Yes, if only...you could have helped shape the world's entertainment stage. Now where would we be if that had happened???

I'm amazed at all the theatre people I've ended up knowing---one of my dearest friends and her husband are very much involved in community theatre in their town (Corning, NY), and my brother in law was into theatre when he was in college, but ran into panic attacks, and just now is getting back into theatre again.

Maybe I'm meant to write for these people? :-|-hmmmm

warriorwoman said...

I wanted to be an actress when I was a child, I also wanted to be a ballerina. I grew to be a size 22 so that was an odd dream in the end.
Anyway, funny how life goes.

I don't think an actors life is a good one. The rag mags constantly mess with you life, report on what color your toilet paper is and all that.
Seriously, who really cares if Angelina and Brad are headed for divorce court!!!

Hyphen Mama said...

A little bit about Lou! I love these kinds of posts, giving a tidbit of insight into the person behind the words.

There is always room for the what if's of life. Fantasies of what might have been are great past times.

More. More. More.

witchypoo said...

I'm heartbroken that you're not a whore. KIdding.
Great story.

anglophilefootballfanatic.com said...

Aren't you glad Brother pushed you into letting your creative side out? Isn't that the same theater Bonnie Hunt came from?

And, it's easy to be wistful a bit, but I think you got a pretty good life out of it.

Rocas said...

I always wanted to be an actor, and while I wasn't looking for the glamor of it all, I also didn't have the confidence in myself to take the first steps. At least you gave it a try and made the decision that was right for you.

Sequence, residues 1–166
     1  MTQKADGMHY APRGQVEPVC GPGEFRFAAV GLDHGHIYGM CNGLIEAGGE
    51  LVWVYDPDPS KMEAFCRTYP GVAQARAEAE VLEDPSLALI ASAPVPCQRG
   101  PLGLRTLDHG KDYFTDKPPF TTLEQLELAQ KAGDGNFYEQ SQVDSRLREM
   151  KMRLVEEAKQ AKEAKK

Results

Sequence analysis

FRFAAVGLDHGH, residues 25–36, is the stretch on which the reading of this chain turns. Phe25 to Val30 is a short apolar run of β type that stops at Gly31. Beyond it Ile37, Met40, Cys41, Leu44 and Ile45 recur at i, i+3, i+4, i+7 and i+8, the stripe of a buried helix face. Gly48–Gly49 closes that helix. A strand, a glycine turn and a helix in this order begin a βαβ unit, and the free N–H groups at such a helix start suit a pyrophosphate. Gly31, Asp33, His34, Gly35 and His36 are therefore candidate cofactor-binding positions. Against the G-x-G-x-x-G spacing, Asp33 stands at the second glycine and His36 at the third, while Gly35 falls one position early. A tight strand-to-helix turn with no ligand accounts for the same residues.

LceeL said...

Eve Grey: You know what? It's all up to you. If you want it - it can be yours. The question is - what do you have to give up for it? And do you want to?

warriorwoman: Everything you said is true. But there have been some plus size women out there who have done quite nicely for themselves.

hyphen mama: I feel so flattered. There will be more - and I'll try to keep it interesting. On those Sundays where I need some 'Fill'.

witchpoo: You're not the only one. But that another story. Maybe, someday ....

AFF: Yes, I am. Brother Chevalo was very perceptive. Bonnie Hunt was a cast member at Second City.

rocas: Thanks. It wasn't a simple decision. And I STILL wonder.

Lady Language said...

People with natural artistic talent want to perform, be it through acting, dancing, singing (I've always wanted to be a singer) - but there are hoops to jump through and sacrifices down that road. Seems you have respect for yourself and a lot of actors don't. I enjoyed reading about this past life and look forward to part two!

CableGirl said...

Fantastic story. It's amazing how life takes us in directions we never thought we'd go.

LceeL said...

Rebecca: You're going to make me blush.

Allison: Maybe you are. Maybe, if I suddenly find myself in Hollywood, you'll be my script writer.

Lady Language: Well, respect for myself and I'm not gay. Although I could play one on TV.

CableGirl: You are so, so correct.

Slutty McWhore said...

Hello, Thanks for popping by my blog earlier! I was wondering how you'd found me, but then I saw a comment from "Lady Language", so that must be the connection. Michelle does get around, doesn't she?!

I think that there are a lot of frustrated artists out there - myself included. I blogged quite a lot about "The Artist's Way" earlier this year. You should read it. It's very helpful for unblocking fears about being creative.

Sandy C. said...

My goodness Lou! I had no idea! Then again, you are an artist in every way. That is amazing that you were able to pursue those projects early in life. So many of us have a pile of "what if's?" accumulated. I can certainly see why you would look back on something like this.

Sogeshirtsguy said...

Lou you are definitely an interesting guy. I look forward to hearing more about your adventures.